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Journal Article

What's the point? Retouched bladelet variability in the Protoaurignacian. Results from Fumane, Isturitz, and Les Cottés


Soressi,  Marie
Department of Human Evolution, Max Planck Institute for Evolutionary Anthropology, Max Planck Society;

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Falcucci, A., Peresani, M., Roussel, M., Normand, C., & Soressi, M. (2018). What's the point? Retouched bladelet variability in the Protoaurignacian. Results from Fumane, Isturitz, and Les Cottés. Archaeological and Anthropological Sciences, 10(3), 539-554. doi:10.1007/s12520-016-0365-5.

Cite as: https://hdl.handle.net/11858/00-001M-0000-002C-2286-6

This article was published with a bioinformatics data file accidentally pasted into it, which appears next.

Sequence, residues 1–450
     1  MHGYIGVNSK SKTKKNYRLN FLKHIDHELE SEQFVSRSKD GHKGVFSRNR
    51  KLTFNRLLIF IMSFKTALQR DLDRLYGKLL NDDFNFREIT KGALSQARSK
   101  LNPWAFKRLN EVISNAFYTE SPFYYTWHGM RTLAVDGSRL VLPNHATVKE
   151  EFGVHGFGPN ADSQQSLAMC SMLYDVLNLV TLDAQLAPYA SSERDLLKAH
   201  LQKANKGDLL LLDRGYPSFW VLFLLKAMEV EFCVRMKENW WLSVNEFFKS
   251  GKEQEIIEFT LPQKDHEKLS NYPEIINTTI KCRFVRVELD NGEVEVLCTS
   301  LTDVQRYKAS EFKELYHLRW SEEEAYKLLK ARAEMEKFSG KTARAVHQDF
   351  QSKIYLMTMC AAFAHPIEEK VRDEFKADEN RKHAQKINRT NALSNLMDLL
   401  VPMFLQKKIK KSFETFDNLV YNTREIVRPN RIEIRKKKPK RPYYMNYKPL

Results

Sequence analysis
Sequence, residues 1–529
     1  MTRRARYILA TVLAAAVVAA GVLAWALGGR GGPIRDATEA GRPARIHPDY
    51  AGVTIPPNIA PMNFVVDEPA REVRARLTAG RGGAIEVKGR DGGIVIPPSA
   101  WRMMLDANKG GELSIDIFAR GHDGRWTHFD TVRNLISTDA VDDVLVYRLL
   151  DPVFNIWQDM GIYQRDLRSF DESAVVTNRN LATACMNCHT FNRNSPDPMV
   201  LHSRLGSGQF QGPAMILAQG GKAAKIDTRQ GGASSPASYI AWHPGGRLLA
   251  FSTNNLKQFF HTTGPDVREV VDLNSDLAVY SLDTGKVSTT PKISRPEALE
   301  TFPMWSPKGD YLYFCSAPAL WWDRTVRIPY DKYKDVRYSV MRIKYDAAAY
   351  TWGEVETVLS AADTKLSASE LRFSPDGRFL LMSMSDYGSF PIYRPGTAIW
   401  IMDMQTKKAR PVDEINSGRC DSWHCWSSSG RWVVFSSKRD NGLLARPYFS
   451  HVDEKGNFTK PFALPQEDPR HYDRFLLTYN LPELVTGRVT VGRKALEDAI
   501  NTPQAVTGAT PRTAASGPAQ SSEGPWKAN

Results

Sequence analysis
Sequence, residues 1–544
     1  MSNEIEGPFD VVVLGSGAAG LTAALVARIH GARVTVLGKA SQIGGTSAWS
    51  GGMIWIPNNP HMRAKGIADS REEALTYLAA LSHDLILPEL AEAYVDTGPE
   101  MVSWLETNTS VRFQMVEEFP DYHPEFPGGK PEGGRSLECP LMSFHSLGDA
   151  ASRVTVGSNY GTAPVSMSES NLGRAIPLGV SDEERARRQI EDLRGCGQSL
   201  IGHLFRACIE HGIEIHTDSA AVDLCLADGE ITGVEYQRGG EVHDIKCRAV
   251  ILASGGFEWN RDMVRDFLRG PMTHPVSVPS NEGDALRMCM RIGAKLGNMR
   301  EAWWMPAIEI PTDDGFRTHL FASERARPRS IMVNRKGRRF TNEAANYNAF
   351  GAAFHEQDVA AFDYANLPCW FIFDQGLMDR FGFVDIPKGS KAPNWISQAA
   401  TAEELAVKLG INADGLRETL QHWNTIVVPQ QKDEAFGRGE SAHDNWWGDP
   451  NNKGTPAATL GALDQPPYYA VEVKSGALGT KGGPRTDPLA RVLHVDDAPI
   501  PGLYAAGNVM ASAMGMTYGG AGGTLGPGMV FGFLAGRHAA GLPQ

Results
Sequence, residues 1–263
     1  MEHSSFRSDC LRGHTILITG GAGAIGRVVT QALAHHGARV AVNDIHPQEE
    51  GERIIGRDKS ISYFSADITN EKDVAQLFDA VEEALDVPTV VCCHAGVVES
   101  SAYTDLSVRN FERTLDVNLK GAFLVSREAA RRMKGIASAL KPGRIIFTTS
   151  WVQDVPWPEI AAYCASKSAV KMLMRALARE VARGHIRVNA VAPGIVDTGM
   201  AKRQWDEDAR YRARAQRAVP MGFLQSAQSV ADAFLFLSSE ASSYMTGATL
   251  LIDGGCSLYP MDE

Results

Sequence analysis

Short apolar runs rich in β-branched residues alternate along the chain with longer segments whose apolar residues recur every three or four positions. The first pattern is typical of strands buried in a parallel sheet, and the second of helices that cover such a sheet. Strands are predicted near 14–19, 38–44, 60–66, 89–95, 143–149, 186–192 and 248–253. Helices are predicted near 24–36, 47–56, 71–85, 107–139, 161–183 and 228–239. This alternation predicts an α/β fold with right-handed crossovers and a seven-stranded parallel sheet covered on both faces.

The Protoaurignacian is considered a cultural proxy for one of the first expansions of anatomically modern humans across Europe. The stabilization of bladelet industries that characterizes this techno-complex is therefore often used as supporting evidence for the break from previous stone knapping traditions and also for the increase of human mobility through wider territories. Despite the cultural importance that bladelets have gained, a careful inter-regional comparison, stressing similarities and differences, has not yet been attempted. Moreover, the use of traditional typologies has blurred the morpho-metrical variability that characterizes lamellar tools. Here, a study has been carried out on retouched bladelets from three pivotal sites: Fumane (northeast Italy), Isturitz (southwest France), and Les Cottés (northern France). By using morphological, dimensional, and retouching attributes, and by evaluating the statistical significance of the main differences, the first detailed analysis of the variability of retouched bladelets within the Protoaurignacian has been documented. The results indicate that the features that best discriminate the bladelet assemblages are the presence and the relative variability of bladelets with convergent retouch, although a reassessment of existing studies and new methodological approaches are required to test the latter hypothesis. Throughout this paper, we demonstrate the merits of using a unified classification of retouched bladelets for comparing behavior in between groups distant in space. We hope that this paper will be a new incentive to develop unified taxonomies for the study of Early Upper Paleolithic lithics in Western Eurasia.